I have written on the OUT in my Q&A on police dog training – you may want to visit my comments there too.
My name is Earl. I have the dept's newest K9. He is a 2 year old GSD. He is dual purpose and for the most part has did very well on the street. I have had success with his tracking abilities. He has only attempted 1 track and it was successful in apprehending a armed robbery suspect. I have also had good success with building search. He has also located someone in a building. He is very obedient to me and I have no control issues with him.
The problem that i have is with Narc work. My dog has o problems with odors. He knows marijuana, heroin, cocaine and meth. If I have someone place drugs in a room or locker room, he has no problems locating the drugs.
When I hide drugs at night when I work in a car, he has no problems finding the drugs. The problem that i am having is when I scan a vehicle that has or has recently had people in the car. 2 things, if he sees someone in the car, he will immediately switch from drug mode to aggressive mode. My dog is extremely aggressive, which in my town isn't really a bad thing. The second things is I'm not sure if he is getting the odors mixed up or if he is alerting on people in the car. It is driving me nuts.
I have tried scanning nothing but blank cars. We had a taxi inspection for the upcoming summer season. We had 15 brand new cars set up in the front lot awaiting inspection, so I went out and scanned each of those cars 5 times each. After scanning the series of cars I would have a drug placed somewhere in one of the vehicle. My dog would alert every single time on the drug and didn't false alert on any other car.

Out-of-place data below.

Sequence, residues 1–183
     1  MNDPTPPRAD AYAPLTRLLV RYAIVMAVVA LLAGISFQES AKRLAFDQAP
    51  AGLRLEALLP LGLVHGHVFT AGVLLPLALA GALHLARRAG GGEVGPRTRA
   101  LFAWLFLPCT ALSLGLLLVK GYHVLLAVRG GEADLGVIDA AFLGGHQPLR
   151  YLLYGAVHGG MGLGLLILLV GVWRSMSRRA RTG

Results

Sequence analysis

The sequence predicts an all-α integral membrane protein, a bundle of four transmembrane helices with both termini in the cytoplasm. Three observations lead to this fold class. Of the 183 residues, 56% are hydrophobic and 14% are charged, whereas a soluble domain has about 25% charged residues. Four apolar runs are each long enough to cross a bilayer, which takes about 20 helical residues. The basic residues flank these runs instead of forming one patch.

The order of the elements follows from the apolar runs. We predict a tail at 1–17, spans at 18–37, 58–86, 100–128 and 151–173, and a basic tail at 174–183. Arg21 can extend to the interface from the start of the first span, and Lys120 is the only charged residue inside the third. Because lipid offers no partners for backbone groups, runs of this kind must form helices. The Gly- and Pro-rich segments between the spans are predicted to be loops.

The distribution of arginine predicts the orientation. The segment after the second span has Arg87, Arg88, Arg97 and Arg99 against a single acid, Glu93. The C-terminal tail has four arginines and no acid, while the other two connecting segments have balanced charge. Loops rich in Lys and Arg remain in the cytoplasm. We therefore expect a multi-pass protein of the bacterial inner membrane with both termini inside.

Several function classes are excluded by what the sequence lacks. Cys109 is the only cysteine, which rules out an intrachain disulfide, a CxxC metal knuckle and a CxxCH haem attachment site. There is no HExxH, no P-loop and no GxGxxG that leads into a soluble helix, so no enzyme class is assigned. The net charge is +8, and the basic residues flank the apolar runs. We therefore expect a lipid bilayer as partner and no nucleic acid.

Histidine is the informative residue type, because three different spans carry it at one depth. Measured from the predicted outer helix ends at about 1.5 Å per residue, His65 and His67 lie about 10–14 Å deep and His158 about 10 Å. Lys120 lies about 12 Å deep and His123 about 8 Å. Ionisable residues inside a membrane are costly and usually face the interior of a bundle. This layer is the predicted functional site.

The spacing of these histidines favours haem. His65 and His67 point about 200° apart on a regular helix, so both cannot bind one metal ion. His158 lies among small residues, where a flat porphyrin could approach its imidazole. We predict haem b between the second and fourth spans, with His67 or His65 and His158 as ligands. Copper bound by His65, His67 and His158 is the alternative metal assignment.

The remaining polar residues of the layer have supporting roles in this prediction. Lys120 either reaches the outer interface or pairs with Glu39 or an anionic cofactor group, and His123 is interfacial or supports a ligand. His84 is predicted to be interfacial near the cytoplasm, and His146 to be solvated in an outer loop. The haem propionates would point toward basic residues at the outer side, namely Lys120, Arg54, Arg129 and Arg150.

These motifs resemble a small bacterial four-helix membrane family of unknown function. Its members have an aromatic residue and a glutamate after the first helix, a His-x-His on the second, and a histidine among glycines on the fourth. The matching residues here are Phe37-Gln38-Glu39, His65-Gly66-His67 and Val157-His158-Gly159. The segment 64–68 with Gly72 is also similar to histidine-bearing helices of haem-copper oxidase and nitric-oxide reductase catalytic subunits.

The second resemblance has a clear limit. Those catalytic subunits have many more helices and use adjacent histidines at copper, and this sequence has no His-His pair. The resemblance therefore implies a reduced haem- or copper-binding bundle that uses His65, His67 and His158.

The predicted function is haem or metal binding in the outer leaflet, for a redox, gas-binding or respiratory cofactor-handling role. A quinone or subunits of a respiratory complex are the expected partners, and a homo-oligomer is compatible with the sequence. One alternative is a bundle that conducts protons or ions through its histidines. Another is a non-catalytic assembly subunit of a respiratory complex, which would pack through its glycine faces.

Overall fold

I would then place someone in a car and the dog would once again go from drug to aggressive. I correct him verbally and I have also now begun correcting him with the lead. I'm at a lose and I don't know what else to do.
Any suggestions you may have would be greatly appreciated.
Earl - this is not a detection problem it's an indication problem.
There are several things you can do:
1- Keep a scratch box in your squad and have the dog hit the scratch box before each drug search. This will tell him "HEY STUPID THIS IS A DRUG SEARCH."
2- Tie the dog to your squad and stimulate the dog with the toy and let him see you hide it on the vehicle which has people in it. Then take him right to the "FIND." Then big play games when he gives even a small indication.
If he will not indicate - take him back and repeat on the same "find." Take him right back to the find. Remember this is not drug search training it's "indication training."
3-Set up training where there is an EASY outside find (not inside the car) and people in the vehicle - use the scratch box and correct the dog with a leash correction for being aggressive.
If you have to take the dog right to the find and be ready to do a primary reward.